Author: David Mitchell
Publisher: Knopf Canada, a division of Random House Canada
Publication Date: September 2014
Synopsis from Goodreads:
Following a scalding row with her mother, fifteen-year-old Holly Sykes slams the door on her old life. But Holly is no typical teenage runaway: a sensitive child once contacted by voices she knew only as “the radio people,” Holly is a lightning rod for psychic phenomena. Now, as she wanders deeper into the English countryside, visions and coincidences reorder her reality until they assume the aura of a nightmare brought to life.
For Holly has caught the attention of a cabal of dangerous mystics—and their enemies. But her lost weekend is merely the prelude to a shocking disappearance that leaves her family irrevocably scarred. This unsolved mystery will echo through every decade of Holly’s life, affecting all the people Holly loves—even the ones who are not yet born.
A Cambridge scholarship boy grooming himself for wealth and influence, a conflicted father who feels alive only while reporting from occupied Iraq, a middle-aged writer mourning his exile from the bestseller list—all have a part to play in this surreal, invisible war on the margins of our world. From the medieval Swiss Alps to the nineteenth-century Australian bush, from a hotel in Shanghai to a Manhattan townhouse in the near future, their stories come together in moments of everyday grace and extraordinary wonder.
Wow! Just wow! The Bone Clocks is one of the best books that I’ve read all year. It’s fast, it’s witty, it’s unbelievably complicated, and it’s fantastic. David Mitchell has capture my attention and his book has won my heart. I loved The Bone Clocks.
The story is broken into different books, each from a different characters perspective. Each has a distinct voice. As you make your way through each book, the story unfolds. We learn as the characters learn. Mitchell has incredible control over his language, revealing only what’s necessary, and providing the reader with information only when he deems it important for them to know. He ties the story together so neatly, but I have no idea how he keeps everything straight! As you read, he teases you, giving you tidbits of information, a little at a time, until the plot picks up speed and everything comes together at once.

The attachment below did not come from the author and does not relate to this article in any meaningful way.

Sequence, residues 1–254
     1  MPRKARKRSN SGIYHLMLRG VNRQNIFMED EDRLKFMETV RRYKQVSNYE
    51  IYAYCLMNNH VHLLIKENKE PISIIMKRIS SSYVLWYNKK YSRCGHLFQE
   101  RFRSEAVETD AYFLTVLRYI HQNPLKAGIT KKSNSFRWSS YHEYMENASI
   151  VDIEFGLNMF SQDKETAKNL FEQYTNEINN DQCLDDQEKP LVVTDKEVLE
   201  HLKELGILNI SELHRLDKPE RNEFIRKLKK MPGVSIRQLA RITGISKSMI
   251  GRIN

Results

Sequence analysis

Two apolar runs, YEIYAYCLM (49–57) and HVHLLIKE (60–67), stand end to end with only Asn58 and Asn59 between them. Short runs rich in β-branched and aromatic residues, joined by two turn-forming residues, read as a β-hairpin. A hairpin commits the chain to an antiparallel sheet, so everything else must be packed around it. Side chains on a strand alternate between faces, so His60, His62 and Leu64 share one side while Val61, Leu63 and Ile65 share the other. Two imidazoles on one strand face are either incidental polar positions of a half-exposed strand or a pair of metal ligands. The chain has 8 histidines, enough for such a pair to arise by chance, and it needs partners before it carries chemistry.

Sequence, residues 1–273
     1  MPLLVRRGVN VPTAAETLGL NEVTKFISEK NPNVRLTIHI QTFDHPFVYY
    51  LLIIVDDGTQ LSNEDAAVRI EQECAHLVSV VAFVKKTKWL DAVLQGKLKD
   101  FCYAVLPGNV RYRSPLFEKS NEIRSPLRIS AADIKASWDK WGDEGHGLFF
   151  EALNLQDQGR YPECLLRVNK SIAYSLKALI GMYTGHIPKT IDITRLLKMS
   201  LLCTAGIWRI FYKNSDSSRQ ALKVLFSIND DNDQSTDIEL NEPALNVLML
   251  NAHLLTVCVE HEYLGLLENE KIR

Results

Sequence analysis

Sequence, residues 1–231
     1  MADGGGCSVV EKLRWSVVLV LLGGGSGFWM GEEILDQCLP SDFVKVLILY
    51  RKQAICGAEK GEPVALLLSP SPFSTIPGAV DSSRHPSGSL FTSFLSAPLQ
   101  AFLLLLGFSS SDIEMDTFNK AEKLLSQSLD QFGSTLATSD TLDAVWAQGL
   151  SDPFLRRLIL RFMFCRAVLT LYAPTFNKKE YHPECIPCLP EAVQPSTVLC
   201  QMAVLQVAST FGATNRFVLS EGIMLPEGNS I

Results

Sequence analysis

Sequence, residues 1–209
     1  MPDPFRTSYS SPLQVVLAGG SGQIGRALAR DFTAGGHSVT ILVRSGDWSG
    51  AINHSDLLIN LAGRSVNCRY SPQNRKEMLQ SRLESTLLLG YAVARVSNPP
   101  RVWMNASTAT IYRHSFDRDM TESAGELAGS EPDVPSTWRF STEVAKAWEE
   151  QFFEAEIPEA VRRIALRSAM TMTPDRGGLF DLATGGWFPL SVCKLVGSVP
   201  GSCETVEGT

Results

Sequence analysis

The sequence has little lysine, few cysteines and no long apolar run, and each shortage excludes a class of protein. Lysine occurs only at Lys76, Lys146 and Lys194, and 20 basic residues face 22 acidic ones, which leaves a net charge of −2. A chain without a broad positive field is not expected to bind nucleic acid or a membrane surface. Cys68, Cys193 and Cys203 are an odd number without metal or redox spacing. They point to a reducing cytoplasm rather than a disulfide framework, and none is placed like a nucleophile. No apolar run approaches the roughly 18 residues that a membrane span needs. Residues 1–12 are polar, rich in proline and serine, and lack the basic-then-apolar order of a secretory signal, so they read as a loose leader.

It’s hard to review this book without giving away the plot, and that’s something I don’t want to do. Reading this book is like following a treasure map. You follow the path set out for you, but you have no idea what you’re going to uncover. It’s an experience of wonder and discovery. Mitchell incorporates the paranormal, a little at first, but increasing in frequency as you make your way through the book. It wasn’t anything that I expected, and I didn’t know if I was going to enjoy it as it unfolded, but I liked it more than I could have ever anticipated.
Holly Sykes is an incredibly interested character and we get to see her from so many different perspectives. We start with her at fifteen years old and stay with her all the way until her mid-70s. She suffers so many hardships and losses, but she never falters. She admits her struggles and confronts them head on. Although she faces many things that she fears, she does what she has to in order to protect her family and her loved ones.
I tried reading Cloud Atlas before this and I didn’t enjoy it all that much (Gasp! Shocker!). Maybe it’s because I saw the movie first and was unable to get into the book. But reading Cloud Atlas made me a little skeptical towards Mitchell’s writing style. The Bone Clocks is much more linear and concrete. It flows and transition smoothly. It’s clear and it’s fast-paced. It’s a wonderful read. I got my copy from the library, but I think I have to go buy it now.